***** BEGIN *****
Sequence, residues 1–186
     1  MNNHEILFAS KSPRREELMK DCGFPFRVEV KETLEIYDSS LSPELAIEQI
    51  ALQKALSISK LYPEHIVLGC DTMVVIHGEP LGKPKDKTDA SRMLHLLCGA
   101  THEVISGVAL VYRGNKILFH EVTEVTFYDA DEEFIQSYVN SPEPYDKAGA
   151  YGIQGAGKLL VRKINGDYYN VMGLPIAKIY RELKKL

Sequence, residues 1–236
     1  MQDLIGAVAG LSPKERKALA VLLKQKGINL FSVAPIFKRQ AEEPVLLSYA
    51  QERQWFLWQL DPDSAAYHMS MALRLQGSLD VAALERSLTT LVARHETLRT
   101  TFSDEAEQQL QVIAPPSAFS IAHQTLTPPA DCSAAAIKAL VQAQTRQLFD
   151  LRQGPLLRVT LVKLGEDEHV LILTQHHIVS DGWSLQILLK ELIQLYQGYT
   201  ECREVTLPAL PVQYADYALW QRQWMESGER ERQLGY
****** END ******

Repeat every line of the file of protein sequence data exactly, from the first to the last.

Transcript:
Sequence, residues 1–186
     1  MNNHEILFAS KSPRREELMK DCGFPFRVEV KETLEIYDSS LSPELAIEQI
    51  ALQKALSISK LYPEHIVLGC DTMVVIHGEP LGKPKDKTDA SRMLHLLCGA
   101  THEVISGVAL VYRGNKILFH EVTEVTFYDA DEEFIQSYVN SPEPYDKAGA
   151  YGIQGAGKLL VRKINGDYYN VMGLPIAKIY RELKKL

Sequence, residues 1–236
     1  MQDLIGAVAG LSPKERKALA VLLKQKGINL FSVAPIFKRQ AEEPVLLSYA
    51  QERQWFLWQL DPDSAAYHMS MALRLQGSLD VAALERSLTT LVARHETLRT
   101  TFSDEAEQQL QVIAPPSAFS IAHQTLTPPA DCSAAAIKAL VQAQTRQLFD
   151  LRQGPLLRVT LVKLGEDEHV LILTQHHIVS DGWSLQILLK ELIQLYQGYT
   201  ECREVTLPAL PVQYADYALW QRQWMESGER ERQLGY